0
There may not be a direct and obvious connection, but over the long run, csproduction's point is valid.   Assuming that price and selection are at least comparable, simplicity and ease of use will prevail. 

What I notice about many of the sites is that they never advance past rev 1.0.   The company spends a lot of time and money to create the site, and then it's frozen for all time and never evolves or (substantially) improves.   A price will be paid, eventually, for that lack of investment.

ShadySue

« Reply #12 on: January 20, 2012, 16:42 »
0
What I notice about many of the sites is that they never advance past rev 1.0.   The company spends a lot of time and money to create the site, and then it's frozen for all time and never evolves or (substantially) improves.   A price will be paid, eventually, for that lack of investment.
And then there's the site that insists on fixin' what ain't broke.

« Reply #13 on: January 20, 2012, 17:29 »
0
There may not be a direct and obvious connection, but over the long run, csproduction's point is valid.   Assuming that price and selection are at least comparable, simplicity and ease of use will prevail. 

What I notice about many of the sites is that they never advance past rev 1.0.   The company spends a lot of time and money to create the site, and then it's frozen for all time and never evolves or (substantially) improves.   A price will be paid, eventually, for that lack of investment.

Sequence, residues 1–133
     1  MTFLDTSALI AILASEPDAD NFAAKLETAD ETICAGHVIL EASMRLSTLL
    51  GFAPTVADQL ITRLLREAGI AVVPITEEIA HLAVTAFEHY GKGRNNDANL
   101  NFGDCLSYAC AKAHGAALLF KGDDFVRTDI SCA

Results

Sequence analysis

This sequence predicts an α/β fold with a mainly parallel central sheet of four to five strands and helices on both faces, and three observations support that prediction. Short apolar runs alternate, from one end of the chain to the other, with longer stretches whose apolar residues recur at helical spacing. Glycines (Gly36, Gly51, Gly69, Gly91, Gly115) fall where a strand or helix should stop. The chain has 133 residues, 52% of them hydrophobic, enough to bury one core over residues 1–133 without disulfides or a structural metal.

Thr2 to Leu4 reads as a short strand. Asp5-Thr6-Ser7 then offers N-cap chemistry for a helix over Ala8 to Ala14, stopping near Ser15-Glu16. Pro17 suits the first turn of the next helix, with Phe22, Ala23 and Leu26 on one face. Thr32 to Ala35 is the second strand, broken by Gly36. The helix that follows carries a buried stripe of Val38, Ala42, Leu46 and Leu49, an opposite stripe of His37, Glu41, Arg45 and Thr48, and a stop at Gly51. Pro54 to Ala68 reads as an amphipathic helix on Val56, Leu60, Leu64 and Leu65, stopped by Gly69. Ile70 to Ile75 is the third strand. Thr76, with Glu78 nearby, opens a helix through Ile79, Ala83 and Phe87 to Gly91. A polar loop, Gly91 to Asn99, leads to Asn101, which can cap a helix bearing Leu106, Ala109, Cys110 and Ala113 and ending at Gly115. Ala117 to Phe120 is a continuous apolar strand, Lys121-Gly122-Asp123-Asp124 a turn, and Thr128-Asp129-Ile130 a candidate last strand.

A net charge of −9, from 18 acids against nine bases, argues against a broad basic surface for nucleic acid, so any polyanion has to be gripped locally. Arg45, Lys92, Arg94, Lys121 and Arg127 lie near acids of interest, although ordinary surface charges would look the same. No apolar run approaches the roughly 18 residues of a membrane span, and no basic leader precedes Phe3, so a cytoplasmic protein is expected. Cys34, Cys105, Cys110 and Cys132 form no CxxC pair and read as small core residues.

To use Canstock as an example, they've never sat on the laurels and have been innovating - both for buyers and contributors - since the site began. They had image zoom before anyone else. They had a great notion of series (contributor defined) with a collapsed display in searches so you could avoid those results with masses of similars, and so on. They started out with much higher pricing than iStock - with a notion of being fair to photographers - and photographers got 50%. They lowered prices later on (I assume trying to compete).

The sales have never been there. It's a shame, but it is not a lack of investment in the site that's the problem.

« Reply #14 on: January 20, 2012, 18:56 »
0
The sales have never been there. It's a shame, but it is not a lack of investment in the site that's the problem.